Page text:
2 min read

A short list of analytics

A short list of Analytics tools you can use to monitor how your site is doing. Just enough for you to choose one in 2 minutes and get running with a good solution.
A short list of analytics
Photo by Isaac Smith / Unsplash

It's essential to know how a site is doing; getting some analytics plugged into it is easy, but with many options, it might seem daunting for a Tech Leader to pick one to get started.

So here are just a few options to pick from. I've chosen them because they are easy to set up, simple to use, and to the point. They don't do too many things either.

Note: we are only talking about the kind of tools that let you know how many visitors are on your site, what they are doing (pages seen, ...), and where they are from.

This is an article part of our Scaling Up series. Those articles are aimed at providing Tech Leads, CTOs and founders get just enough to get through a hurdle and back to building things. If you like those consider subscribing (see button on the bottom right) so you can get notified of new content.

Not Google Analytics

While it's probably a popular option, it might not be a favorite of yours or your users. The good thing is that none of the ones I've picked are Google Analytics.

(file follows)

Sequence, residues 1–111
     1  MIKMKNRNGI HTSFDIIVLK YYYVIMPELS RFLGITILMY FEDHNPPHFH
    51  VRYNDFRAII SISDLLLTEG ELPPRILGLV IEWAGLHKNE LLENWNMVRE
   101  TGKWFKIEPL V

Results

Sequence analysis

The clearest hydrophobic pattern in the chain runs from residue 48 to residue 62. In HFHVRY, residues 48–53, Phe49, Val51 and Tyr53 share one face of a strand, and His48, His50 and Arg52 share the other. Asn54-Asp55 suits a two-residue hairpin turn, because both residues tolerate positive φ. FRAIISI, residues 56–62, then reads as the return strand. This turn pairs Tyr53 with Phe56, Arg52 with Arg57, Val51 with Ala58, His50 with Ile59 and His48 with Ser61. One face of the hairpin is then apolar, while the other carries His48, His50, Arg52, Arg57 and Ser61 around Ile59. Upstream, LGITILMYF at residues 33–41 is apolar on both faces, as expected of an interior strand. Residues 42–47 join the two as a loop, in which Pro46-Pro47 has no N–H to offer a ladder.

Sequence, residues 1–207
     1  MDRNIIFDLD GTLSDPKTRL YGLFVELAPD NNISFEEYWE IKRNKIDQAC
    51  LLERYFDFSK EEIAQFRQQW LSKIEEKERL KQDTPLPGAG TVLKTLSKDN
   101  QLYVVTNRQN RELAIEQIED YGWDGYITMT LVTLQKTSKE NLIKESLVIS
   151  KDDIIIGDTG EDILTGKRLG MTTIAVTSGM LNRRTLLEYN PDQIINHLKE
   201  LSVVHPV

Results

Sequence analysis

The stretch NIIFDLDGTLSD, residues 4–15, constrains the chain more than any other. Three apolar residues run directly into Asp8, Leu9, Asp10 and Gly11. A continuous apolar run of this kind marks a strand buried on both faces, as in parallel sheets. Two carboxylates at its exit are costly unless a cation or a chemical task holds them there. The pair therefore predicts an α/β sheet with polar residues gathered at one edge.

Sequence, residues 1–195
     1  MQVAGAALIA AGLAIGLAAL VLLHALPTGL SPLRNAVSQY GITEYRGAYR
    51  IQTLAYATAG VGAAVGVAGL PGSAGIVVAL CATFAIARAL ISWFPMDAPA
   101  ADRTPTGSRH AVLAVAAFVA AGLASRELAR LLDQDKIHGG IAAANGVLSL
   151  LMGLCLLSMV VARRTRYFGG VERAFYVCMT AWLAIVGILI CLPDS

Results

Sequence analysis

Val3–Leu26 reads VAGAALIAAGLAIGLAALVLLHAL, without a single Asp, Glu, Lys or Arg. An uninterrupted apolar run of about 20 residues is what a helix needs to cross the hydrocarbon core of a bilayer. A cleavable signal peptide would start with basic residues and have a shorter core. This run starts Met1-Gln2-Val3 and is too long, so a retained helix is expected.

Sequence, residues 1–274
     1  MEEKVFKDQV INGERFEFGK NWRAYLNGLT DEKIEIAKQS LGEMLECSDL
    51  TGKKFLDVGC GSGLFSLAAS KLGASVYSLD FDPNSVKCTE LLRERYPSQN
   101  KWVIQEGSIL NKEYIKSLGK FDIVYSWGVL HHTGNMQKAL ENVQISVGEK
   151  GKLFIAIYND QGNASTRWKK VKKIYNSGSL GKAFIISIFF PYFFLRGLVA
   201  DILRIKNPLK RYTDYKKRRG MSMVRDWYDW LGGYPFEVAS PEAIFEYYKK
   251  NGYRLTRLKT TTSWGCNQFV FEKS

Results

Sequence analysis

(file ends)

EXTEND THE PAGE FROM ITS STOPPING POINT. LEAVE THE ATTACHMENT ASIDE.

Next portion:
Let's start with the OpenSource one: Matomo. You can run it on-premise or use a hosted solution. It has some big names in its list of clients and users (UN, Nasa, European Commission, ...).


Another OpenSource one you can host yourself: Plausible. That's the solution Pier 22 uses for all our sites. It works well, is easy to set up and it's not crazy expensive either. It's privacy-friendly and doesn't require a cookie banner or GDPR consent.


I have not used it, but I have good about it: Fathom. It's privacy-friendly and doesn't require a cookie banner or GDPR consent.


My former favorite: Gauges. Simple, efficient. But I like Plausible UI more. Still this could fit your taste and it's also a small company.

Just a list?

Well, yes, it's just a list. I would strongly suggest going with either Plausible or Fathom. I recommend Plausible because I use it, like the Open Source approach, and know it works well. I'd suggest Fathom because I have heard good things about it from people I trust.

If you are early in building your product or site, pick one of the two: you need something to go with, and I don't think you can go wrong with either of them. It will get you the data you need to know ("Are people coming on the site?", "Are more people coming on the site than last week?").